Shares of Tesla fell by more than 6 percent during the first trading day of 2019 after the electric-car company unveiled its delivery figures for the end of 2018, which modestly fell short of Wall Street expectations compiled by FactSet.

The missed expectation is especially noteworthy because the fourth quarter of 2018 was the last period during which customers could earn a major federal tax credit for buying an electric vehicle, which would have boosted sales.

In a news release, Tesla said it would cut the price of its Model 3, Model X and Model S vehicles beginning Wednesday to partially cover the reduction of the federal tax credit for electric vehicles. The full $7,500 tax credit for Tesla customers was cut in half to $3,750 at the start of the new year. The company said the remaining tax credits combined with not having to fuel up at the gas pump and lowered maintenance costs “means our vehicles are even more affordable than similarly priced gasoline vehicles.”

Tesla said it produced and delivered a record number of vehicles. The company’s production grew to 86,555 vehicles, up 8 percent from the high set in the past quarter. In total, Tesla produced 61,394 of its Model 3, 25,161 of its Model S and 14,050 of its Model X. Its deliveries also increased by 8 percent, the company said.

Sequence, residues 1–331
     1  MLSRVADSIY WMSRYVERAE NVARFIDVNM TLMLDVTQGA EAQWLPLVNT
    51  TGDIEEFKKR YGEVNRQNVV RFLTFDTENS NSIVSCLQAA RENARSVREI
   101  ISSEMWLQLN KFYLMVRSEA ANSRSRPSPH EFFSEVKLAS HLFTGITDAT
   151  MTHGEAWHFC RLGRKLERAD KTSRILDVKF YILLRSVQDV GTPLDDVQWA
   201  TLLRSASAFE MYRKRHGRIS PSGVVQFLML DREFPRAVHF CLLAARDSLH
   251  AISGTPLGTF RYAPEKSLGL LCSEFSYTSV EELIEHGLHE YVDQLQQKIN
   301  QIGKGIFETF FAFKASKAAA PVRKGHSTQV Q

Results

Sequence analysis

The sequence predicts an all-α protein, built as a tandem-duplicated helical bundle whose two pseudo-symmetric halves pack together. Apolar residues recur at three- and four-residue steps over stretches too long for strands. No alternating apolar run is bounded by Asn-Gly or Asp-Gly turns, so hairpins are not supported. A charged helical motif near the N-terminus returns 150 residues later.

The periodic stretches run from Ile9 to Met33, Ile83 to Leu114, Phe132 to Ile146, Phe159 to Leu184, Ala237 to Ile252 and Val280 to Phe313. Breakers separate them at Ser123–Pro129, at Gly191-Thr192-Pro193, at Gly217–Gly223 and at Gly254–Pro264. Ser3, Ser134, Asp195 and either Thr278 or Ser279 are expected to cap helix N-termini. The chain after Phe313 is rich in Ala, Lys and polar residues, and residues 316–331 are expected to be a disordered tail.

FactSet, which compiled an average estimate from nine analysts, projected that Tesla would deliver 2,000 more vehicles than it did, including 1,750 more Model 3 vehicles.

“In sum, this was a strong quarter for Tesla, but Model 3 deliveries missed Street expectations, and this will be a cloud over the name until the company reports earnings in late January and gives initial guidance for European Model 3 demand in 2019,” said Daniel Ives, an analyst at Wedbush Securities. Ives added that Tesla shares are “hypersensitive to any issue around Model 3” and that it will remain a stock that is “guilty until proven innocent” until it discloses quarterly earnings figures next year.

Ross Gerber, the president and chief executive of Gerber Kawasaki, said Tesla’s latest figures prove its production line is consistent with high quality, but that the stock is down because of the price cut, which was unexpected. “The mission is to get electric vehicles on the road at the lowest price point without sacrificing margins,” he said, adding that he sees “unlimited demand” for the more affordably priced $35,000 Model 3, even without the government rebate.

The Model 3, Tesla’s mass market car, saw sales of more than 145,000 last year, the company said. The vehicle has been delivered only to North American customers and in its mid- to higher-priced configurations. Deliveries to customers in Europe and China will begin in February, the company said. “There remain significant opportunities to continue to grow Model 3 sales by expanding to international markets, introducing lower-priced variants and offering leasing,” Tesla said.

Tesla delivered 99,394 of its Model S and X vehicles in 2018, just shy of its 100,000 goal.